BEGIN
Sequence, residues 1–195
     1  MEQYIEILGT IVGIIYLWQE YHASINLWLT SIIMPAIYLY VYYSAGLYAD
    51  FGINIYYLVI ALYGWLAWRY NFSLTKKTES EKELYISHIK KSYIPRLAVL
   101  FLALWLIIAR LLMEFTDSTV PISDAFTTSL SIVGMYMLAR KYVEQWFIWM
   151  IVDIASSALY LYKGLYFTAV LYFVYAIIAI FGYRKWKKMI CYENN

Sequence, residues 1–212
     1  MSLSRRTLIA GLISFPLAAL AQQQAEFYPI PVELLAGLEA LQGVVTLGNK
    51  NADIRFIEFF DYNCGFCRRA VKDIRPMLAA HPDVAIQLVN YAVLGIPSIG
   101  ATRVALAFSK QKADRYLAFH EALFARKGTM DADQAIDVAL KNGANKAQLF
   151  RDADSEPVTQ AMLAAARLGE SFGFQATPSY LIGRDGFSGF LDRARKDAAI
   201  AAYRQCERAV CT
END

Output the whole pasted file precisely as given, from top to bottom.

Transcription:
Sequence, residues 1–195
     1  MEQYIEILGT IVGIIYLWQE YHASINLWLT SIIMPAIYLY VYYSAGLYAD
    51  FGINIYYLVI ALYGWLAWRY NFSLTKKTES EKELYISHIK KSYIPRLAVL
   101  FLALWLIIAR LLMEFTDSTV PISDAFTTSL SIVGMYMLAR KYVEQWFIWM
   151  IVDIASSALY LYKGLYFTAV LYFVYAIIAI FGYRKWKKMI CYENN

Sequence, residues 1–212
     1  MSLSRRTLIA GLISFPLAAL AQQQAEFYPI PVELLAGLEA LQGVVTLGNK
    51  NADIRFIEFF DYNCGFCRRA VKDIRPMLAA HPDVAIQLVN YAVLGIPSIG
   101  ATRVALAFSK QKADRYLAFH EALFARKGTM DADQAIDVAL KNGANKAQLF
   151  RDADSEPVTQ AMLAAARLGE SFGFQATPSY LIGRDGFSGF LDRARKDAAI
   201  AAYRQCERAV CT